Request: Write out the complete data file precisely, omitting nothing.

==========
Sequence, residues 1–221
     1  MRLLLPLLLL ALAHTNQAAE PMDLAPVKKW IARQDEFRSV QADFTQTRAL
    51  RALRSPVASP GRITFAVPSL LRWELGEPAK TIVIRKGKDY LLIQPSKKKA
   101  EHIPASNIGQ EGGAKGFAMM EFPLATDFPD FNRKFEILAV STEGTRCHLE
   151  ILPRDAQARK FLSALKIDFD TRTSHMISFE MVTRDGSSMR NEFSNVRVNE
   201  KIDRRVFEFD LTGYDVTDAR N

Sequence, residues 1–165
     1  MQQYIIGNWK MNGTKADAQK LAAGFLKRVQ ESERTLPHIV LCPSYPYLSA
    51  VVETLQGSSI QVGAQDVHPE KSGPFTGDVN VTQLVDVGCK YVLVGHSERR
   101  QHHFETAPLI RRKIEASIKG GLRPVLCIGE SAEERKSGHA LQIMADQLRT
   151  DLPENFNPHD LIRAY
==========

Sequence, residues 1–221
     1  MRLLLPLLLL ALAHTNQAAE PMDLAPVKKW IARQDEFRSV QADFTQTRAL
    51  RALRSPVASP GRITFAVPSL LRWELGEPAK TIVIRKGKDY LLIQPSKKKA
   101  EHIPASNIGQ EGGAKGFAMM EFPLATDFPD FNRKFEILAV STEGTRCHLE
   151  ILPRDAQARK FLSALKIDFD TRTSHMISFE MVTRDGSSMR NEFSNVRVNE
   201  KIDRRVFEFD LTGYDVTDAR N

Sequence, residues 1–165
     1  MQQYIIGNWK MNGTKADAQK LAAGFLKRVQ ESERTLPHIV LCPSYPYLSA
    51  VVETLQGSSI QVGAQDVHPE KSGPFTGDVN VTQLVDVGCK YVLVGHSERR
   101  QHHFETAPLI RRKIEASIKG GLRPVLCIGE SAEERKSGHA LQIMADQLRT
   151  DLPENFNPHD LIRAY